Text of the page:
Real estate investing gets more interesting, gratifying, and possibly more profitable when you use other people’s money. That’s why learning more about investment property financing, and real estate leverage can come in handy when investing in the South Florida real estate market.
What is Leverage in Real Estate?
Leverage in real estate refers to how much capital you can obtain to fund an investment property compared to the property’s value. When you hear the term “leverage,” it’s because you’re leveraging other people’s money to maximize your ability to purchase more investment properties with less of your own money. In general, the higher your leverage, the greater your prospective Return of Investment (ROI).
When both rental and property values are rising, leveraged real estate investing is ideal. As rents and property value increase, their monthly home mortgage loan for rental property remains steady, while the property develops generates larger earnings. Over the last couple of years, rents and property values in South Florida are appreciating considerably. Creating a perfect environment for the investor who understands how to acquire real estate investments with leveraged money.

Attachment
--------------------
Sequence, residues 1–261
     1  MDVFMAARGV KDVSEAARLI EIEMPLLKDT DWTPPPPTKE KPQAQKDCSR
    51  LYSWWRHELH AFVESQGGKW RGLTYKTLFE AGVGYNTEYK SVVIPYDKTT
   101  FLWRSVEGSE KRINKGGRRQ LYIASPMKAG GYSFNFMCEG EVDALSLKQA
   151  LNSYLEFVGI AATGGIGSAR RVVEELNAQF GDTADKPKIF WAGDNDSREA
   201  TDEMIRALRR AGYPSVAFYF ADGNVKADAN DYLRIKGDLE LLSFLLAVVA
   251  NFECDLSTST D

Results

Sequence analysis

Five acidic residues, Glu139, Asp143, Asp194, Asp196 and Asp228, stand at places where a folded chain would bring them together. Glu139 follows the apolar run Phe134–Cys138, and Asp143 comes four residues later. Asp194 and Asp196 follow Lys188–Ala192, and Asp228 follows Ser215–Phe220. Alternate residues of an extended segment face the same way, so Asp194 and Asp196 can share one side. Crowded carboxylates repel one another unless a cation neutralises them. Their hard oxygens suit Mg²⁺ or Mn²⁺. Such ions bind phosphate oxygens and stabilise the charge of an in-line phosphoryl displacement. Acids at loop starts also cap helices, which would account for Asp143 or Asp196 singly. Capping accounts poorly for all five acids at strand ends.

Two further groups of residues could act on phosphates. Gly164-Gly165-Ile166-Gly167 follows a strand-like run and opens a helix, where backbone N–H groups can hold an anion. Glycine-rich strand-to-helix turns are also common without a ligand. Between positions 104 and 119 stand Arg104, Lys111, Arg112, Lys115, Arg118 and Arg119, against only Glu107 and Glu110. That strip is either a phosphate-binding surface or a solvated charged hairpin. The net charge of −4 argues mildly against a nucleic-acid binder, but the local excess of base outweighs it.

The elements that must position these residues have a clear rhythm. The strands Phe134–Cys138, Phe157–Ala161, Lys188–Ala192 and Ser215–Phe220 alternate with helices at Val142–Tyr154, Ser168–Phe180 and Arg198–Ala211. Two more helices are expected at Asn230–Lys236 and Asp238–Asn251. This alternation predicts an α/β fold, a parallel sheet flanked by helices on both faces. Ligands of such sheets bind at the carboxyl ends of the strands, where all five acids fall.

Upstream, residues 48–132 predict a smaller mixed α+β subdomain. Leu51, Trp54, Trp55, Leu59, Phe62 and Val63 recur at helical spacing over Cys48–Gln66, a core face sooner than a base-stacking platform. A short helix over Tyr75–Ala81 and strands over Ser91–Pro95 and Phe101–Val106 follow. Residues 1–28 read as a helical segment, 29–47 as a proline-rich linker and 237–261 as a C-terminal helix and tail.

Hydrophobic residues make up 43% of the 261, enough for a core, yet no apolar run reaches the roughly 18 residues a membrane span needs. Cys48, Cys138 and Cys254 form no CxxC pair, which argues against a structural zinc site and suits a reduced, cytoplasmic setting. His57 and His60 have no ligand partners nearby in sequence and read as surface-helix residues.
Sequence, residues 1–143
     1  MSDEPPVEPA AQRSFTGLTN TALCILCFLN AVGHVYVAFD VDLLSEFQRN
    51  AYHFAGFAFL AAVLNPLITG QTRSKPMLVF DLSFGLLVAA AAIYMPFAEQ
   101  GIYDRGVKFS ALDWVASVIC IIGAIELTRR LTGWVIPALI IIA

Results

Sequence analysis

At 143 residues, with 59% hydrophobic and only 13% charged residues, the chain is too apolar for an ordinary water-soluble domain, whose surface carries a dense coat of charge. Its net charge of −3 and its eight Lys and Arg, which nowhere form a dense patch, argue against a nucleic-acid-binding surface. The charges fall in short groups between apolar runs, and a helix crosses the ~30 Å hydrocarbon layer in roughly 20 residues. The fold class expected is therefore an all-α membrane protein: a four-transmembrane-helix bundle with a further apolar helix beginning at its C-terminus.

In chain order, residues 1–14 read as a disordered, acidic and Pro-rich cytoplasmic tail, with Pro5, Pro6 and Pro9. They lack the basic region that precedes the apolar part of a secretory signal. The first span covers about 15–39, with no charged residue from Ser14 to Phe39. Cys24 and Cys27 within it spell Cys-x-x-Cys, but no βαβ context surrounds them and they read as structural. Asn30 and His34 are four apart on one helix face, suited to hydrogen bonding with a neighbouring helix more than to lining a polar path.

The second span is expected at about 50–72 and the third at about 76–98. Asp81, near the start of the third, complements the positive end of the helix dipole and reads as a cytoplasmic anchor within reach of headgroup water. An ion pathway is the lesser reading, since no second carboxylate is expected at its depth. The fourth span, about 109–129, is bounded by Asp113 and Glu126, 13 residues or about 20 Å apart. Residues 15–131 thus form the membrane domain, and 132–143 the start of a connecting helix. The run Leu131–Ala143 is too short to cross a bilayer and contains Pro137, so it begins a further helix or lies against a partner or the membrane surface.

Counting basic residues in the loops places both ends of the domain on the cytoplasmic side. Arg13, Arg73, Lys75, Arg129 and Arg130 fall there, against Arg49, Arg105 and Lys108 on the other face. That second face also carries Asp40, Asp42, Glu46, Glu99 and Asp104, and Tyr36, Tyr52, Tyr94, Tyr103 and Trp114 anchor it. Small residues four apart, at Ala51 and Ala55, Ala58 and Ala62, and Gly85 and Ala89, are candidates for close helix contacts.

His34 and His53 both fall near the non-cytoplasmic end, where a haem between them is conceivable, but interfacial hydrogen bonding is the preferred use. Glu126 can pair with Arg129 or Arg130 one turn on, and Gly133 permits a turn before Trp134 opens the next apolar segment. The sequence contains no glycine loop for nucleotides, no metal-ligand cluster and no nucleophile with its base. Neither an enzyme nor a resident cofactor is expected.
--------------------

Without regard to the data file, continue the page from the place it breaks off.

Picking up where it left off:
Generally speaking, the most common way to leverage your investment in real estate is with your own money, crowdfunding, or through a mortgage loan.
The Very Best Conditions for Leveraging Real Estate
Using leverage money in real estate investing is best when property values and rents are increasing. If values and rents are slow or decreasing, the advantages of using leveraged money can be outweighed quickly, with loan payments increasing your operating expense for the property.
For leveraged investors, there are two important practices to achieve ideal success. Develop a smart investment strategy and perform comprehensive due diligence for every prospective property investment.
Leveraging Real Estate Investments with Mortgages
There are various methods to obtain financing to purchase an investment property. The most typical kind of financing includes conventional fixed-rate loans or adjustable-rate loans.